By Brian J. Cudahy
This colourful background will entice borth the reader and transportation historian. Brian Cudahy's skillful narrative is mixed with a wealth of interval images. the 1st accomplished background of public transportation in North the US to be released in additional than 60 years, the booklet strains the grwoth of city mass transit from the horse-drawn highway automobiles of the 1830's throughout the improvement of cable autos, electrical road automobiles, subways, and buses, to the hot mild rail platforms which are taking part in a key position in trendy city transit renaissance. The publication isn't guaranteed to any nation-state and examines transit rail structures through the usa and Canada.
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Extra resources for Cash, tokens, and transfers: a history of urban mass transit in North America
His name was Leo Daft and the concept he was promoting was the even newer technology of street railway electrification. But electrification would have to await another day in 1883, in more ways than one. The American Street Railway Association expanded its roster of special committees to include one entitled The Cable System of Motive Power. Page 27 Four Half-Way to the Stars It was in San Francisco that five separate cable-powered street railways were successfully deployed before any other city adopted the technology.
G. Brill in 1868, was especially active in soliciting export business. One of the more unusual horsecars ever built was for a Brill customer in Argentina. It was equipped with eight full-length berths for overnight travel along a 90-mile railway. Originally horsecars did not require mechanical brakes, the horse alone being able to stop as well as haul the vehicle. But as cars grew bigger and heavier, and as multiple-horse teams became common, safety demanded a brake on the car itself. Such brakes became especially useful on long or steep grades.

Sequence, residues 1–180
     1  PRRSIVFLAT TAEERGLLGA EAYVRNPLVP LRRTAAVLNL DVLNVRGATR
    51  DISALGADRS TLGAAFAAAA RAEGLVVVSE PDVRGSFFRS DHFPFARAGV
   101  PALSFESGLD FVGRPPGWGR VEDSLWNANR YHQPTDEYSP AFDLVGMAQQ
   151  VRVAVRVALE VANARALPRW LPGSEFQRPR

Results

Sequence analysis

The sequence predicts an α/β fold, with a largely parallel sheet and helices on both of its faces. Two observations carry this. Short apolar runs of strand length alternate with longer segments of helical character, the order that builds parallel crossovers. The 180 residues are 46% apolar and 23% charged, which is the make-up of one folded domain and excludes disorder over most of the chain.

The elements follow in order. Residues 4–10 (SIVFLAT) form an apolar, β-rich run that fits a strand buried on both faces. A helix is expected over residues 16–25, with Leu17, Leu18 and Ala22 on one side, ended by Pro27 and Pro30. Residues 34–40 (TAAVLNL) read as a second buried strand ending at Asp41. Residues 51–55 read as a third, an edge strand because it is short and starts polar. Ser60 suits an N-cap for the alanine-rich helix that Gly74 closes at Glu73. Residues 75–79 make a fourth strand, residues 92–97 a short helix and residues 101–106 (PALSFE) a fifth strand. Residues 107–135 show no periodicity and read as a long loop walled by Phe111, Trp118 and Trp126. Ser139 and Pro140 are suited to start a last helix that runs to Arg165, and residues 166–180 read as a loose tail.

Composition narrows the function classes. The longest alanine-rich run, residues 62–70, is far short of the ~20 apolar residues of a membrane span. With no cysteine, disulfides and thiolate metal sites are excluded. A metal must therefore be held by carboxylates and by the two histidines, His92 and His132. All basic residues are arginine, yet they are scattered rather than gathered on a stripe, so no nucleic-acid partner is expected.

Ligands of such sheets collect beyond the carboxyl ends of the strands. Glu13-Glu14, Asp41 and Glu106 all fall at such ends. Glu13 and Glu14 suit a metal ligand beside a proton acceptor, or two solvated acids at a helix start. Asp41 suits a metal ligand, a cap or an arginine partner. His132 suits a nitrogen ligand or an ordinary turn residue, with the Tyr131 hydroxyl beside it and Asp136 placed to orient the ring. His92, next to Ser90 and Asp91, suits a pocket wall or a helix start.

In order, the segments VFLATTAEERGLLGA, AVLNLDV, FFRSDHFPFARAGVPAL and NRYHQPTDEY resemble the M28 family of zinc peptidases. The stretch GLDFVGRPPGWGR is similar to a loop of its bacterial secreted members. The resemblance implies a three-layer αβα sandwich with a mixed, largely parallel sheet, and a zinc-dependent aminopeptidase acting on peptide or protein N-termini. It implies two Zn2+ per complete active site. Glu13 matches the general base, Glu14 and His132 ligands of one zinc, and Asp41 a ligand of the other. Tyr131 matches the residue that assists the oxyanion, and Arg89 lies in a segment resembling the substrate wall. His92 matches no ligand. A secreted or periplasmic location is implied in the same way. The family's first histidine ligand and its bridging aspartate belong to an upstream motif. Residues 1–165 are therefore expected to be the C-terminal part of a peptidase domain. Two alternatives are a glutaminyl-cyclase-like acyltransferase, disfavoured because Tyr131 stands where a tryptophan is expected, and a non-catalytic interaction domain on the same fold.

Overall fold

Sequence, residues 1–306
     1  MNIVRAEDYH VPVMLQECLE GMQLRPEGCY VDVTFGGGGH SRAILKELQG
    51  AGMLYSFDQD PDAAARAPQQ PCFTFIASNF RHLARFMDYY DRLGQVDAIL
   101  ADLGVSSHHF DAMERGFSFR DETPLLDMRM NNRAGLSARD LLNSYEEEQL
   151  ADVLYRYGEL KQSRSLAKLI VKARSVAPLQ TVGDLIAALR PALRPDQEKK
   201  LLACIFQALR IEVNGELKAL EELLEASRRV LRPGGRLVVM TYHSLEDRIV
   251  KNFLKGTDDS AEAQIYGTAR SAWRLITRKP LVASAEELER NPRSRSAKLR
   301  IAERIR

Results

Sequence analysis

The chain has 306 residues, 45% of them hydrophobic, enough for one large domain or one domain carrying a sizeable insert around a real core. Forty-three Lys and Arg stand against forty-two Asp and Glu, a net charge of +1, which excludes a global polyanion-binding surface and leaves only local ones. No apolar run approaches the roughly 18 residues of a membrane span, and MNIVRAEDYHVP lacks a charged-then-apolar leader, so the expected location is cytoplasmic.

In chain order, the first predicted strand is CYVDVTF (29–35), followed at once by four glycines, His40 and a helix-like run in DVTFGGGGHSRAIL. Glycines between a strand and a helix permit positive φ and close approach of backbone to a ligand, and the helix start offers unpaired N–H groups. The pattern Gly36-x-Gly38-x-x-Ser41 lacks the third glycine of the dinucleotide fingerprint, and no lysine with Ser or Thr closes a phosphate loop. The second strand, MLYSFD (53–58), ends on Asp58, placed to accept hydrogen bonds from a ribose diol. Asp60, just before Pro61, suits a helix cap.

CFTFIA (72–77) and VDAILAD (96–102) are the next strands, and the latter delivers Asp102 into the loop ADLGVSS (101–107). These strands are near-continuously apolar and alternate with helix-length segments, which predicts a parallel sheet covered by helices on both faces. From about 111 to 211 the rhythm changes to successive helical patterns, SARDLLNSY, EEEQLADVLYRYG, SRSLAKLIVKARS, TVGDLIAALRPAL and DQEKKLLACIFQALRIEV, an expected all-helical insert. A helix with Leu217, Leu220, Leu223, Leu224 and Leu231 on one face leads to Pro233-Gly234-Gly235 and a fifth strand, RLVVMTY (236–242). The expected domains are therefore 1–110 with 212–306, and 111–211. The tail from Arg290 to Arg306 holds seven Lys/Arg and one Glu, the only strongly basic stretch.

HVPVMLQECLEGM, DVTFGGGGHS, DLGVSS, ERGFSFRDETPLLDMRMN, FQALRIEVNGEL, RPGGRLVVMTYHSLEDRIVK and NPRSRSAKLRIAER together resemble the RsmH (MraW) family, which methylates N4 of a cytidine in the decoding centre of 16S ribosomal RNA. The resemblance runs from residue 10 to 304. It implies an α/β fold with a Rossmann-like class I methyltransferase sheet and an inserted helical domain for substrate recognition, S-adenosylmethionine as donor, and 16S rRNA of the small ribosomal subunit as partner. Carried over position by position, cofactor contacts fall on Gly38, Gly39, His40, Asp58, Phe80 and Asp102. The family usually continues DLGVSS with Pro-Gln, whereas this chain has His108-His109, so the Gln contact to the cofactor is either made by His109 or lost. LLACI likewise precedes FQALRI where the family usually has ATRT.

11 The fledgling street railway industry suffered a reversal, of sorts, during the American Civil War when the government requisitioned large numbers of its horses for military purposes. In fact both Federal and Confederate governments levied such demands on their respective civilian sectors. In post-war 1872 a serious equine influenza epidemic, generally called the "Great Epizootic," ran unchecked through many cities. It was especially severe in Boston, New York, Philadelphia, and Baltimore, and thousands of horses died in the biological onslaught.